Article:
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When Nature Calls
March 28, 2018 – Dana Stewart
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When Nature Calls

When the fears and anxiety of cancer haunt you, open a window, walk outside and let nature run its course.
PUBLISHED March 28, 2018
Dana Stewart was diagnosed with breast cancer in 2010 at the age of 32. She is the co-founder of a cancer survivorship organization called The Dragonfly Angel Society. She volunteers as an advocate and mentor, focusing on young adults surviving cancer. She enjoys writing about life as a cancer survivor, as well as connecting survivors to the resources, inspirations and stories that have helped her continue to live her best life, available at
Ever since I was a kid, I always found happiness outside. There is something about the fresh air, the sound of the birds and the freedom to go just about anywhere I pleased. The outside technically doesn't have four walls to surround us, so it always felt free. As I grew up, those feelings never changed. When I feel walled in, I'd try to get outside, and if that wasn't possible at that moment, I opened a window just to at least feel that fresh air. It always made a difference to me. It brought me back to the present, no matter what.

I remember one of the first things I did when I started feeling better after my bilateral mastectomy. I took a walk. My mom suggested that I get outside as soon as I could and walk. I remember thinking, sarcastically, that a walk would certainly solve everything. I was going through cancer and had chemotherapy waiting in the wings, so let me solve my fears by taking a walk.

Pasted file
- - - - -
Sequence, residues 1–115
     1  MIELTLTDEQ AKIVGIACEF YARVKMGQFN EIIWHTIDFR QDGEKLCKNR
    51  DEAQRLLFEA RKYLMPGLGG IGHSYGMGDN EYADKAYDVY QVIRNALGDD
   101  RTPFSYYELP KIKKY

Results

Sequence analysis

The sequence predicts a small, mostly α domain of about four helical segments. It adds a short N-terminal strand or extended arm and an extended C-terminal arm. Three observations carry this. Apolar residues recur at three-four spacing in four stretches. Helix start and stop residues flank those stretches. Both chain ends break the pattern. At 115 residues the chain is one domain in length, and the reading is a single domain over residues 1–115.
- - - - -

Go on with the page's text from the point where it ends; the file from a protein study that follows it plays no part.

Well, guess what, as usual she was right. I forced myself out of the house and I breathed in fresh air. Immediately I felt better. I started by simply walking around the block because that was about all the energy I had at that moment. Soon, I was walking quite a bit and feeling good. I did this during chemo, and I think it made the difference in my energy levels. It was crazy that something as simple as walking outside was the game changer. I just think it was the fresh air and the fact that there were no walls to corner me in.

It was on one of those walks that I stopped and took it all in. I thought about it and wondered, did anyone really listen when the birds chirped? When people are outside, do they notice the sounds all around them? I certainly hadn't. I had no reason to. No need to. However, that day, I enjoyed more than just being outside. I started to take it all in. I listened to the birds. I heard the crickets chirp. I started to notice things. A couple deep breaths in, a bit of listening to the birds and a few minutes of just watching life pass by was what I was really getting out of those walks.

So, I tried to focus on those moments more. It was my form of outdoor mindfulness. It made the difference for me. It was my place to go back to and refocus. I've said it a million times about how I struggle with anxiety and fears of cancer. Every day I am running from those fears, and every day they give a great chase. The park by my office sees a lot of me. I go there to escape whenever possible. I go there for a run after work. If I am lucky in the summer and can get away on a lunch break, I sometimes head there. I sit outside with no music and no visitors. I just go to breath in the fresh air and simply listen.

Another favorite is watching the sunset outside. It is one of the most peaceful things to do in a day. There is no reason to talk. There is no reason to think about anything other than watching the beauty that is all around when the sun sets. Do this outside if you get the chance. Just breathe and release any thoughts and fears. Let nature run its course and enjoy it as it happens. My advice to anyone, whether cancer is in your life or not, is to go outside and relax a bit. When nature calls, answer it. Walk outside, open a window and take it all in, even if it is only for five minutes.

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